||Re: Query error
Mervyn Bick <email@example.com>
||Tue, 5 Sep 2023 12:03:18 +0200
On 2023/09/04 18:38, Tom wrote:
> Hi all,
> Mervyn has solved the puzzle. I will let him explain how he went about
> it as I am still trying to digest exactly what he did.
> Thank you very much Mervyn !
l0 = "Select d.TestDate, cast(d.Testdate as char(10)) castDate,"
l0 += "d.Provider, d.Client, d.Category, d.Allergen,"
l0 += "d.TestLevel, d.StdTestRange, n.Demodata_Notes "
l0 += "FROM DemoData d "
l0 += "Left Join DemoNotes n On n.Fk_DemoData = d.Pk_DemoData "
--> l0 += "WHERE cast(d.TestDate as char(10)) LIKE :TestDate AND "
l0 += "LOWER(d.Category) LIKE :Category AND "
l0 += "LOWER(d.Allergen) LIKE :Allergen AND "
l0 += "n.Demodata_Notes LIKE :Notes "
l0 += "ORDER BY TestDate, Category, Allergen "
dBASE doesn't recognise the calculated field containing the date in
character form in the WHERE clause. It is, therefore, necessary to
recalculate the date in character format for the WHERE clause.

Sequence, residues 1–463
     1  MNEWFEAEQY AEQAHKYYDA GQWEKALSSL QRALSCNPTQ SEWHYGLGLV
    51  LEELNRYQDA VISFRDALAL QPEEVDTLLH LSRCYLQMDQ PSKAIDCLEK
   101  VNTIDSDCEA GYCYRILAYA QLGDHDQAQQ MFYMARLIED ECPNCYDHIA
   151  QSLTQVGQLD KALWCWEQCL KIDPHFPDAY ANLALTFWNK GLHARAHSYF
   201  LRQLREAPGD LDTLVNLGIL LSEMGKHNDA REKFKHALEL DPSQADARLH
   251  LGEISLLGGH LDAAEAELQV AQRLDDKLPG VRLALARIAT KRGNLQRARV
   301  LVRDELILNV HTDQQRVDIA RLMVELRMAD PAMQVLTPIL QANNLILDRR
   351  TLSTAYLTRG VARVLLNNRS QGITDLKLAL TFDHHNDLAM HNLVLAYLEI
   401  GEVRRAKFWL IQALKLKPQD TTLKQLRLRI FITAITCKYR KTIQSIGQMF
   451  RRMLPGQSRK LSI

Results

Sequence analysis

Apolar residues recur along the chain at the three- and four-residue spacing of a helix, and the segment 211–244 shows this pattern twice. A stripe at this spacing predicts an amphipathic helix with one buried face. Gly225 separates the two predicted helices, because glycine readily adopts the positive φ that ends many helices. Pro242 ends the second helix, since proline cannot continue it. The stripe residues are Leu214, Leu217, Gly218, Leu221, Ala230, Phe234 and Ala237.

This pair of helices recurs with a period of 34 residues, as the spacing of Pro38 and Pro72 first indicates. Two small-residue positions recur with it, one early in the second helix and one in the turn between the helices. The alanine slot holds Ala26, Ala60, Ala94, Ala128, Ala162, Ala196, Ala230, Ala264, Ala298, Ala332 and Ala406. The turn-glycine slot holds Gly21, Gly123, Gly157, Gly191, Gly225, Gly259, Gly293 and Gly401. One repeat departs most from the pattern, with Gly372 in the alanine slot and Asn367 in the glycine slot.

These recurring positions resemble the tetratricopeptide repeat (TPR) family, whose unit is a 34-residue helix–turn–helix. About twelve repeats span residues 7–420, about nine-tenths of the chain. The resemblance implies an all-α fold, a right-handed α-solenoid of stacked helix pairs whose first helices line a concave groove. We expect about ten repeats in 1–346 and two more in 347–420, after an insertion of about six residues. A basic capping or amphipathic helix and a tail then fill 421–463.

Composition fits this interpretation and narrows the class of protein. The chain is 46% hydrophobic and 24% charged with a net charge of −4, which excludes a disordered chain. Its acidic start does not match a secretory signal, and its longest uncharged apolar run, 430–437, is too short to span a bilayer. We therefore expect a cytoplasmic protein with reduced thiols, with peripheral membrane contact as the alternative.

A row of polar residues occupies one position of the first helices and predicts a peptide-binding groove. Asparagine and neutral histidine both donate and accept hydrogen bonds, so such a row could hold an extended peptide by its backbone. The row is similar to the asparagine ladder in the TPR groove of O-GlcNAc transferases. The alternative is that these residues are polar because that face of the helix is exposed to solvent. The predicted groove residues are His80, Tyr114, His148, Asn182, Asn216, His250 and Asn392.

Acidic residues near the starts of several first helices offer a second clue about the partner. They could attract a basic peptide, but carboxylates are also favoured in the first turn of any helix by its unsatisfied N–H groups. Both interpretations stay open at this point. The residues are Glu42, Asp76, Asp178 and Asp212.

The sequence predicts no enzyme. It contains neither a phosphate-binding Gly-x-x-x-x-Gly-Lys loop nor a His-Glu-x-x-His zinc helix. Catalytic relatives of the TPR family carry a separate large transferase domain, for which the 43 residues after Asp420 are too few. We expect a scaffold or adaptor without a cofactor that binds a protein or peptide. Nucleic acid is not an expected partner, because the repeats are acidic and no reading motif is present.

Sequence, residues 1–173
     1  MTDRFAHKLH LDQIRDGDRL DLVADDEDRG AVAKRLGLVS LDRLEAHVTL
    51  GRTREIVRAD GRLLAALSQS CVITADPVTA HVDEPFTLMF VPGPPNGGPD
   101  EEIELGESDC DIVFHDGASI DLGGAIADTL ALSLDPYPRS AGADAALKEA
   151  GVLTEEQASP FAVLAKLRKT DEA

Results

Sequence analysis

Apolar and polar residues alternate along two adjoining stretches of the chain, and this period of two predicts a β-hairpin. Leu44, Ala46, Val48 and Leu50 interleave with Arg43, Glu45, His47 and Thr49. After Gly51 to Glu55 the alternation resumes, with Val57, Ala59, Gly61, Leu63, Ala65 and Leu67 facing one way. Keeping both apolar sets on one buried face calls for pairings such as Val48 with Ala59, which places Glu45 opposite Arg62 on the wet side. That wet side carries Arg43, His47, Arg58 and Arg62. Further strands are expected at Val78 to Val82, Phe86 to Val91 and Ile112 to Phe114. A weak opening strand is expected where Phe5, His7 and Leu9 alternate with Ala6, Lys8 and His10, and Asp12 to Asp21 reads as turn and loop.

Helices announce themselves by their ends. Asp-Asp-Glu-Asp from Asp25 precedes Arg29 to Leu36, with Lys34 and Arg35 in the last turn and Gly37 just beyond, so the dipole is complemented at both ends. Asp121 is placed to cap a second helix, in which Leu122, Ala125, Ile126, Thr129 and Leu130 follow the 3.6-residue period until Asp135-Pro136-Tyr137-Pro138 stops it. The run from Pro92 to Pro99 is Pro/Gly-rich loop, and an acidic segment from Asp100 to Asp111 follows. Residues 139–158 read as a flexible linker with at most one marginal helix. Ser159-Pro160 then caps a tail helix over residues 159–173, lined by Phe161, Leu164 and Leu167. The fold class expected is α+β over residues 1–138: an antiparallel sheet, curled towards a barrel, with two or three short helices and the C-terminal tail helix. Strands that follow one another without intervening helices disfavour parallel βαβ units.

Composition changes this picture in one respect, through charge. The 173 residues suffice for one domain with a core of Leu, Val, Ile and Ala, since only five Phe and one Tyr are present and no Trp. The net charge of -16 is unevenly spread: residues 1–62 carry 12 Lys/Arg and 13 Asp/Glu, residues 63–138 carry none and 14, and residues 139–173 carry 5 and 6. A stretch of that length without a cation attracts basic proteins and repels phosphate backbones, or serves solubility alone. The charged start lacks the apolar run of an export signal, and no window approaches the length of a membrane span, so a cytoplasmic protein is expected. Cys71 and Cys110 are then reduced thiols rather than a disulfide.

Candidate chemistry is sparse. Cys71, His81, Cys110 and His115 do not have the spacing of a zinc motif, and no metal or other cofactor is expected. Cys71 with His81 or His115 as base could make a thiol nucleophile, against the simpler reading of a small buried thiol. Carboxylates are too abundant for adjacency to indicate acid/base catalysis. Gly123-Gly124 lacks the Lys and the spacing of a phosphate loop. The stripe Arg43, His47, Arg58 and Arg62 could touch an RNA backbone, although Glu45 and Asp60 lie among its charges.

No matter what date display format is used, e.g American, British or
MDY, ordering on a date field (TestDate in this case) will order the
dBASE does recognise the calculated field in an ORDER BY clause but
CAST(d.TestDate as char(10)) will always produce strings in the form
mm/dd/ccyy no matter what format is used to display the date field on
screen. It is, therefore, not possible to use the calculated field to
order the rowset as it will not be in chronological order.
If the date display format is AMERICAN it wouldn't matter if either the
CAST value or the date value is displayed. It is, however, essential to
include the date field so that the rowset can ordered correctly.
If the date display format is not AMERICAN and it required that the user
enter a date search string in the display format rather than in AMERICAN
format then a bit of programming will be needed to reformat the search